On 15 March Tom Pritzker, Chairman of the Hyatt Foundation, which sponsors the Pritzker Prize, announced the winner of the 2022 Prize in Chicago: the world’s most important award for architecture, considered the equivalent of the “Nobel Prize”, is assigned to Diébédo Francis Kéré.
Born in Burkina Faso, though his studio is based in Berlin, Francis Kéré is the first African architect to be awarded a Pritzker Prize. The choice was acclaimed around the world, both for the quality of his architecture and for the architect’s social and professional commitment. Since he built Gando Primary School (2001, Gando, Burkina Faso) in his native village, the project that first brought him to the attention of the world, Francis Kéré has turned out to be a pioneer in architecture that is sustainable for the earth and its inhabitants. His projects, most of which have been built in fragile, difficult circumstances, with limited resources and a shortage of infrastructure, have a value that goes well beyond the structural: buildings firmly rooted in their sites and material qualities, buildings that improve their users’ lives and experiences, that become a part of the change and growth of the community for which they were designed. Structures which are often built with the active contribution of the community that will be using them, like Gando Primary School, built with the aid of the entire village.
These are projects that implement what the architect calls a change of paradigm. What he means is that they encourage people to dream, to create quality, whatever their current circumstances, because being poor does not mean you cannot aspire for beauty and comfort. And Francis Kéré’s architecture is beautiful: welcoming structures, in harmony with their surroundings, making poetic use of the light that filters in through the buildings and the intermediate spaces between inside and outside that are necessary to mitigate the effects of the hot African sun. Projects containing strong symbolism revealing the influence of the architect’s African experience. One example is the tradition of getting together under a sacred tree to share stories and festivals, a symbol revived in his Serpentine Pavilion (2017, London, United Kingdom) and in his colourful, evocative Sarbalé Ke artistic installations for the Coachella Valley Music and Arts Festival (2019, California, United States).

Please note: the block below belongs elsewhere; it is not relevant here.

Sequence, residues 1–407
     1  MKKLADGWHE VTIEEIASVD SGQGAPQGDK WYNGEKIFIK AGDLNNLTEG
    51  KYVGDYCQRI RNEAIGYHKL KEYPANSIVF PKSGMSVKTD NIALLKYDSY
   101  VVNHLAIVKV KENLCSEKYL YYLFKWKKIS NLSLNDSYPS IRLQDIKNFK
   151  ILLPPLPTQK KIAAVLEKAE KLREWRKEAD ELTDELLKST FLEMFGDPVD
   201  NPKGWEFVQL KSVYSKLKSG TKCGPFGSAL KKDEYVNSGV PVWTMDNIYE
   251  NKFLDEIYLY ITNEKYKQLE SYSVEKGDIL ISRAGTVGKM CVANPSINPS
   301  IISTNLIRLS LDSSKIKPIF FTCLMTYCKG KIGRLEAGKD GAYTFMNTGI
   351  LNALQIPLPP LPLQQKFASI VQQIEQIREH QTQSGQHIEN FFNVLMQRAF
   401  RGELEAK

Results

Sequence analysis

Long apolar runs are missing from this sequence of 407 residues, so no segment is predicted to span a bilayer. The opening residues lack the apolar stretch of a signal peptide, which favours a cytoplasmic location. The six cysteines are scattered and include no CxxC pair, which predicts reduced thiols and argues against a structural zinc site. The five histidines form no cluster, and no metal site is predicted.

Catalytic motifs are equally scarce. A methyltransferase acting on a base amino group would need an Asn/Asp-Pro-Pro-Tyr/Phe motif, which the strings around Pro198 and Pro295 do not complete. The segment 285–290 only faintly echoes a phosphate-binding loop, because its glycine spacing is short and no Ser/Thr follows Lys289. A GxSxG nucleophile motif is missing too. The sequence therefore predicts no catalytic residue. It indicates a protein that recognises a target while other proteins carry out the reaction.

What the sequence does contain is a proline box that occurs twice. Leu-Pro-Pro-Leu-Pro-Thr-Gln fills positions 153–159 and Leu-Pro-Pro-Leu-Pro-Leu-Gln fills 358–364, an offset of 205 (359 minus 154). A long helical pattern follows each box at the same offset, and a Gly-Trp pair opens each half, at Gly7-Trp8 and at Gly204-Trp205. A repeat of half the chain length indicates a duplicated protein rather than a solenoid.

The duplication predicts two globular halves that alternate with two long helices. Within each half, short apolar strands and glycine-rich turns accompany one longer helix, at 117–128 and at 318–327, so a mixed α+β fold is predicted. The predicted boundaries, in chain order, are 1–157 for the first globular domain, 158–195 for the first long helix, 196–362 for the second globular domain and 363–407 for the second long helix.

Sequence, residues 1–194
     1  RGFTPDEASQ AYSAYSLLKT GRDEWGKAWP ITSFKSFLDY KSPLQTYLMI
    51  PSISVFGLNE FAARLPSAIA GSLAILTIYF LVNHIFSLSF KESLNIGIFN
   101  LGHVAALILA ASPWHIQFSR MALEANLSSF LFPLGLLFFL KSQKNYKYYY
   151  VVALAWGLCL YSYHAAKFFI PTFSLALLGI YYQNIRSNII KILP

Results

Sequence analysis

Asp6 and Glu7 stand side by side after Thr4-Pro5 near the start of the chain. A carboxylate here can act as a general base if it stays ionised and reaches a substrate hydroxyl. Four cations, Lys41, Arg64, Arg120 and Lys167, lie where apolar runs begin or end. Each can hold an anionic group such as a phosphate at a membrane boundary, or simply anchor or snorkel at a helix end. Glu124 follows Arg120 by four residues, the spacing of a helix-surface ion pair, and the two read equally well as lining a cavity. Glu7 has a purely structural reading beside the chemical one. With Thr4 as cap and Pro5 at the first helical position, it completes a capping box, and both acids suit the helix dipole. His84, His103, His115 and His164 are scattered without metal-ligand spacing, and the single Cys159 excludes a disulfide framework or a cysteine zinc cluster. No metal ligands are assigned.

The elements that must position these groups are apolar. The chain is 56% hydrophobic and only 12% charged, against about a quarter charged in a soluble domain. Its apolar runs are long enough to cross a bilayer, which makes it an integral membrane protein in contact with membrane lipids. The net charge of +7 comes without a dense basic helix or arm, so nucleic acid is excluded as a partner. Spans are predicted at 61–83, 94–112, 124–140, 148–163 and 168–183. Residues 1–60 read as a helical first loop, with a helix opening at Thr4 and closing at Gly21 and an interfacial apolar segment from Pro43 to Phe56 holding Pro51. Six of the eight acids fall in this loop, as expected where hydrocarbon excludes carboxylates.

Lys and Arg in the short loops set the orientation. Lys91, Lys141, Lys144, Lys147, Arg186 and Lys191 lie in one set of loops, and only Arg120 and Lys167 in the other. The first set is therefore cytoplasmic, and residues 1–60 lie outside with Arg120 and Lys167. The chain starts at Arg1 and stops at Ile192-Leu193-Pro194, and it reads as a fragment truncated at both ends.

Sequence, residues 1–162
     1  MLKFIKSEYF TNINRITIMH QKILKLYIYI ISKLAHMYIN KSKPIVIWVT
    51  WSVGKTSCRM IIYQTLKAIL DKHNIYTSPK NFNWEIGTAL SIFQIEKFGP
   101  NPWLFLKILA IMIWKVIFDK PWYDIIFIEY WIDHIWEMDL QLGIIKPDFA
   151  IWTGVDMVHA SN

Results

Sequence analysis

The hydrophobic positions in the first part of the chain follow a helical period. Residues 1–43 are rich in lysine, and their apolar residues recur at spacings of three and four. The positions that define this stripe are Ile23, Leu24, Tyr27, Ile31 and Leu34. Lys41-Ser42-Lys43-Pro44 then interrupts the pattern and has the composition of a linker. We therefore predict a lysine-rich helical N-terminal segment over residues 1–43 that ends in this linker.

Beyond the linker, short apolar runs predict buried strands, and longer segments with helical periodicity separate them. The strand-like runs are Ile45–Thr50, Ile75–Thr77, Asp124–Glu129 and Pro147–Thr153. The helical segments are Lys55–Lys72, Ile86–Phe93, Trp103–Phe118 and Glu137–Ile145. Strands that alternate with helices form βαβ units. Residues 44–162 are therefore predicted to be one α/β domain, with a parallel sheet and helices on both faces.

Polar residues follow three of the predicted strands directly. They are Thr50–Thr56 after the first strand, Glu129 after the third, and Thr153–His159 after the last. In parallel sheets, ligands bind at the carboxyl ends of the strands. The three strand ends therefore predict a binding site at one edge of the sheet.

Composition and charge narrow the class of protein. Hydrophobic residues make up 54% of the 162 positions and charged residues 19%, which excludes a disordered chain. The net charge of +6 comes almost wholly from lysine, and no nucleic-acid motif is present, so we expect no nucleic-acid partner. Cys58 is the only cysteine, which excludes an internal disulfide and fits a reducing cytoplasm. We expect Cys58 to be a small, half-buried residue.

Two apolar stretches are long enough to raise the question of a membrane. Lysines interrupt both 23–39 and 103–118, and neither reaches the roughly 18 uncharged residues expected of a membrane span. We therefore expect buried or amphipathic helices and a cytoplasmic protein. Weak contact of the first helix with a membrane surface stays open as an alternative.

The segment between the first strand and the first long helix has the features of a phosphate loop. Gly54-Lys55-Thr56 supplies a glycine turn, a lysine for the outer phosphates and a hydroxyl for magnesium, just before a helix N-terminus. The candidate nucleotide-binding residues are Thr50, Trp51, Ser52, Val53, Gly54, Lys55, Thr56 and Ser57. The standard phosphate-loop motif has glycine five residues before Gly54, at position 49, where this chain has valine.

As the jury of the Pritzker noted, in these times of crisis, characterised by changing values, the works of Francis Kéré have the ability to remind us of the sense of community inherent in architecture and how it can become a source of lasting joy and happiness.
All Images courtesy of Diébédo Francis Kéré and The Hyatt Foundation
01, 04-06 Gando Primary School 2001 Gando, Burkina Faso - Photo courtesy of Erik-Jan Ouwerkerk
02 Léo Doctors’ Housing 2019 Léo, Burkina Faso - Photo courtesy of Francis Kéré
03 Diébédo Francis Kéré, photo courtesy of Lars Borges
07-08 Serpentine Pavilion 2017 London, United Kingdom Photo courtesy of Iwan Baan (08), Francis Kéré (07)
09-10 Sarbalé Ke 2019 California, United States Photo courtesy of Iwan Baan